Verhofstadt lambasts UK’s Brexit plan as he savages Boris for living ‘on another planet’

Guy Verhofstadt, MEP and former Brexit Coordinator for the European Parliament, has attacked Britain’s plan for a future trading relationship with the bloc. On Monday evening, Boris Johnson’s chief negotiator, David Frost, outlined Britain’s proposals insisting the UK will walk away from trade talks with Brussels rather than surrender Britain’s newly-won independence to secure a deal.

Responding to proposals outlined by the head of Downing Street’s Task Force Europe, Mr Verhofstadt accused Mr Frost of treating the EU and the UK as if they are “living on two different planets”.

The former Belgian prime minister added it would be a “hell of a job” to secure a successful future relationship using Britain’s proposals.

Mr Verhofstadt told reporters during a joint press conference with Sadiq Khan: “It’s not a good thing that we continue to discuss the future relationship as if the UK and Europe are living on two different planets because the UK market and the market are so close to each other – physically, geographically.

“And so, these things are so intense that we have to look at it in a little bit of a different way than to simply say, this is a pure free trade deal.”

Mr Frost’s comments were delivered in a lecture at the Universite Libre in Brussels, where he insisted Britain “only wants what other independent countries have”.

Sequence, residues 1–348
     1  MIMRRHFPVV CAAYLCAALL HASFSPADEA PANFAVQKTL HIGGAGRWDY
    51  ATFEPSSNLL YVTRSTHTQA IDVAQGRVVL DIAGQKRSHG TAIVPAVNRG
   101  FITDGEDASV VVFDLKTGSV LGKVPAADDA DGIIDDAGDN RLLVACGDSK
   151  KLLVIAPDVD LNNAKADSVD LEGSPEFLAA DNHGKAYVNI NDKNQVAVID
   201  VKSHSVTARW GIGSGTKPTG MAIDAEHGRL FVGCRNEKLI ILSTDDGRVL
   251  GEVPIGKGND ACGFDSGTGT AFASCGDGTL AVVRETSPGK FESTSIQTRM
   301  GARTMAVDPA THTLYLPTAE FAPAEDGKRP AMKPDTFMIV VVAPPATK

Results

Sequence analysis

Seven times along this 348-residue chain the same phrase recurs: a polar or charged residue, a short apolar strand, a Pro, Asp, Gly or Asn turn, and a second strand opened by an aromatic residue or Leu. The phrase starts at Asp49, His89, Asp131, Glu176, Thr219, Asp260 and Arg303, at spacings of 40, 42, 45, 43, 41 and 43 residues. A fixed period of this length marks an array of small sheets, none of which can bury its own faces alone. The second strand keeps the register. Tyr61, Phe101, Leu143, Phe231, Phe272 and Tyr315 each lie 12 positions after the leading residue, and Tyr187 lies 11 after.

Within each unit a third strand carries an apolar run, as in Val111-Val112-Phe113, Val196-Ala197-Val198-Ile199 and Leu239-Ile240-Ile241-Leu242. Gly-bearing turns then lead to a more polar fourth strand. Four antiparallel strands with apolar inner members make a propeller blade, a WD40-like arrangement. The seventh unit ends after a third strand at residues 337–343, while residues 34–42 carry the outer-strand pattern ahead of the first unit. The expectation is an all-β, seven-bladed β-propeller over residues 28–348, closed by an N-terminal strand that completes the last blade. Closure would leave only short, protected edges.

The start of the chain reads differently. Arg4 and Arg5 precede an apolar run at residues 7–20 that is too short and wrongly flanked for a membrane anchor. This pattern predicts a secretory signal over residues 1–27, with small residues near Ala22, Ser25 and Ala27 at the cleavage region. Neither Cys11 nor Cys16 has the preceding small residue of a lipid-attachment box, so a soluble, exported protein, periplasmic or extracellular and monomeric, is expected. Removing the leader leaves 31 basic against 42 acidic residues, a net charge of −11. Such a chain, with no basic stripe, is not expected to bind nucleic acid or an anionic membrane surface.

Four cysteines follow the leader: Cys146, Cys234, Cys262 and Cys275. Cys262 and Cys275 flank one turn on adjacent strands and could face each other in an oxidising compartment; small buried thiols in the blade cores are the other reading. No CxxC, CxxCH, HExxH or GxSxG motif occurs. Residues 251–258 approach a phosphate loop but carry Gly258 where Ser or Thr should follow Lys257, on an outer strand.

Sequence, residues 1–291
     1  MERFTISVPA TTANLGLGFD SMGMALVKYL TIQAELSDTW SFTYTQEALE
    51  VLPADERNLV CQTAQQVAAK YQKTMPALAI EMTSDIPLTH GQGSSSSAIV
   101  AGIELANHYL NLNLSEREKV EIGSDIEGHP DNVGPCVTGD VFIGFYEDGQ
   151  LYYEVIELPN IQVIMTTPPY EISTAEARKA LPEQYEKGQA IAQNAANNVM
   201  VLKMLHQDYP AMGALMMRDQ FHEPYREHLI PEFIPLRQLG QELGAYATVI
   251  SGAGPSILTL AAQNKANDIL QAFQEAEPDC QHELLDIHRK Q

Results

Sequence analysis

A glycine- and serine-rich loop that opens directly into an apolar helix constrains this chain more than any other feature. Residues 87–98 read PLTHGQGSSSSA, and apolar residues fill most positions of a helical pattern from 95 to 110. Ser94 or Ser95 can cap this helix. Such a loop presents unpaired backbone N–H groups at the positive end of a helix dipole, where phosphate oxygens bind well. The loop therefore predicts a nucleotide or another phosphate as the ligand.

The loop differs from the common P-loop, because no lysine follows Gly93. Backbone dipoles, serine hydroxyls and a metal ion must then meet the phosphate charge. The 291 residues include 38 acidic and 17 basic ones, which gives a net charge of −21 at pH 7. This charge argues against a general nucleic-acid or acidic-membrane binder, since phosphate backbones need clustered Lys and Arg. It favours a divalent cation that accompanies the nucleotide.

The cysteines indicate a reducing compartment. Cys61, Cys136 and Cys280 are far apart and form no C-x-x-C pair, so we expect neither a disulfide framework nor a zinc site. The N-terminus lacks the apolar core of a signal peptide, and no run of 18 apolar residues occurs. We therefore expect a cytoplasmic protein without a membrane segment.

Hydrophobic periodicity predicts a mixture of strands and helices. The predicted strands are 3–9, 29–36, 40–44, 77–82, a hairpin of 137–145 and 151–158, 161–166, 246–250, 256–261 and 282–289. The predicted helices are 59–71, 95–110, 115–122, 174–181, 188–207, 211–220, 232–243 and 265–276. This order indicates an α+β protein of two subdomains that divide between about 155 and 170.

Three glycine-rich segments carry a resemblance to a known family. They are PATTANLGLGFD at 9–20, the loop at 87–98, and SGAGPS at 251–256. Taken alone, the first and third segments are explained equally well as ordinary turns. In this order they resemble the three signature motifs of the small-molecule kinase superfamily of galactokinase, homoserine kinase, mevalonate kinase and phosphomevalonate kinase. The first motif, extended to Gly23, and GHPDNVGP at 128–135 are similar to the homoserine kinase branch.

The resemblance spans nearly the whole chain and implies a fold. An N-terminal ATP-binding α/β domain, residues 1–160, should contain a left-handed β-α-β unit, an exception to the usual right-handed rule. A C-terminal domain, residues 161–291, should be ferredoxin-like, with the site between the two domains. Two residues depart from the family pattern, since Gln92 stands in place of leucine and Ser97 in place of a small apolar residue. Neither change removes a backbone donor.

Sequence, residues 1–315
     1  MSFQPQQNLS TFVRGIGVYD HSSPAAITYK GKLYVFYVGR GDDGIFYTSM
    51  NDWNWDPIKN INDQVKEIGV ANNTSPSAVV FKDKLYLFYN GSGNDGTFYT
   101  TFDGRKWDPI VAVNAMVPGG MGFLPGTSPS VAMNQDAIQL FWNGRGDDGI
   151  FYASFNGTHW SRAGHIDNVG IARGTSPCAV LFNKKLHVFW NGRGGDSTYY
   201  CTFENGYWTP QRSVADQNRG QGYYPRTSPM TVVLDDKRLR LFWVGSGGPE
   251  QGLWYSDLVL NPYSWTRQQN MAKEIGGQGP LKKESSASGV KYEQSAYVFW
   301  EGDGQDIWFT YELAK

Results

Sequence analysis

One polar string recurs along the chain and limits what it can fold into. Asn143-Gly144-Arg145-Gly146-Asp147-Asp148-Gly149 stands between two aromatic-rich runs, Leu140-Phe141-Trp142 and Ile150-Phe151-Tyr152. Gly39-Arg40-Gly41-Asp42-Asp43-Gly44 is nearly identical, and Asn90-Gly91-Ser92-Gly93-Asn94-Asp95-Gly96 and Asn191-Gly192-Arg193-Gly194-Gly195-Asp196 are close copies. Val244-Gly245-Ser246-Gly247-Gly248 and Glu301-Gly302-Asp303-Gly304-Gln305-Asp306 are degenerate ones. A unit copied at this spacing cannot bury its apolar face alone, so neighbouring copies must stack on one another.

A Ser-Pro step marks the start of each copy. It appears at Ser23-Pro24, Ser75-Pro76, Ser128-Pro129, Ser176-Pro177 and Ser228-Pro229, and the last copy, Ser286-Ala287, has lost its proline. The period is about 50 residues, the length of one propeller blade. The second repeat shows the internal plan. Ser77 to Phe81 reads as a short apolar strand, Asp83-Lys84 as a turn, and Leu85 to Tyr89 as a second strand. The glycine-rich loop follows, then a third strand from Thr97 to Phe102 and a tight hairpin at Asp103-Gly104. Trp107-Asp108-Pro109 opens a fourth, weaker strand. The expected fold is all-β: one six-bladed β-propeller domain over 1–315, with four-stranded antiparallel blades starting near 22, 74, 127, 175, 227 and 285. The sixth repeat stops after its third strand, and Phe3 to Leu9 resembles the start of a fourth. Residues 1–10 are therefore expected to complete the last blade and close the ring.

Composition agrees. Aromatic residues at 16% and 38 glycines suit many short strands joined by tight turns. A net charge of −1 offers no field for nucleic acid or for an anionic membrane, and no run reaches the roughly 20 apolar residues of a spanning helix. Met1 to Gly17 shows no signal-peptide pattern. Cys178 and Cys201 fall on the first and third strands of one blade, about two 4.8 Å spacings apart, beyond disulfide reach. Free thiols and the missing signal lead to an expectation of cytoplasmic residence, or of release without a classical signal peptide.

He added the Prime Minister will not bargain away the independence won by securing Brexit last month to secure a deal with the EU.

He said: “We bring to the negotiations not some clever tactical positioning but the fundamentals of what it means to be an independent country.

“It is central to our vision that we must have the ability to set laws that suit us, to claim the right that every other non-EU country in the world has.”

Mr Frost suggested EU chiefs had so far failed to grasp that their opening stance was an unacceptable threat to UK sovereignty.

The negotiator snapped back at Michel Barnier’s calls for a so-called “level-playing field” of rules and standards shared by the EU and UK.

Mr Frost said the UK wanted a deal similar to those the EU had already agreed with Canada, Japan and South Korea.

He also warned the UK would not compromise on the Brexit transition period coming to an end on December 31.

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These things are so intense that we have to look at it in a little bit of a different way than to simply say, this is a pure free trade deal

Guy Verhofstadt

Mr Johnson has repeatedly said the transition period will come to an end on December 31.

European Commission President Ursula von der Leyen has already warned about the timescale of negotiations.

Speaking on Tuesday, the EU’s chief negotiator Michel Barnier was quick to respond to Britain’s demands.

He told reporters: “We have proposed a trade agreement with a country that has a very particular and unique close geographical proximity not like Canada, not like South Korea and not like Japan. Very particular.

“We are ready to propose and work very quickly with Britain on the basis of the political declaration which was agreed with Boris Johnson.

“We stand ready to propose this agreement, if the UK wants it.”

Mr Frost was appointed as the Prime Minister’s chief adviser on European policy soon after taking over in Downing Street last July.

The veteran civil servant replaced Theresa May’s chief negotiator Sir Olly Robbins.

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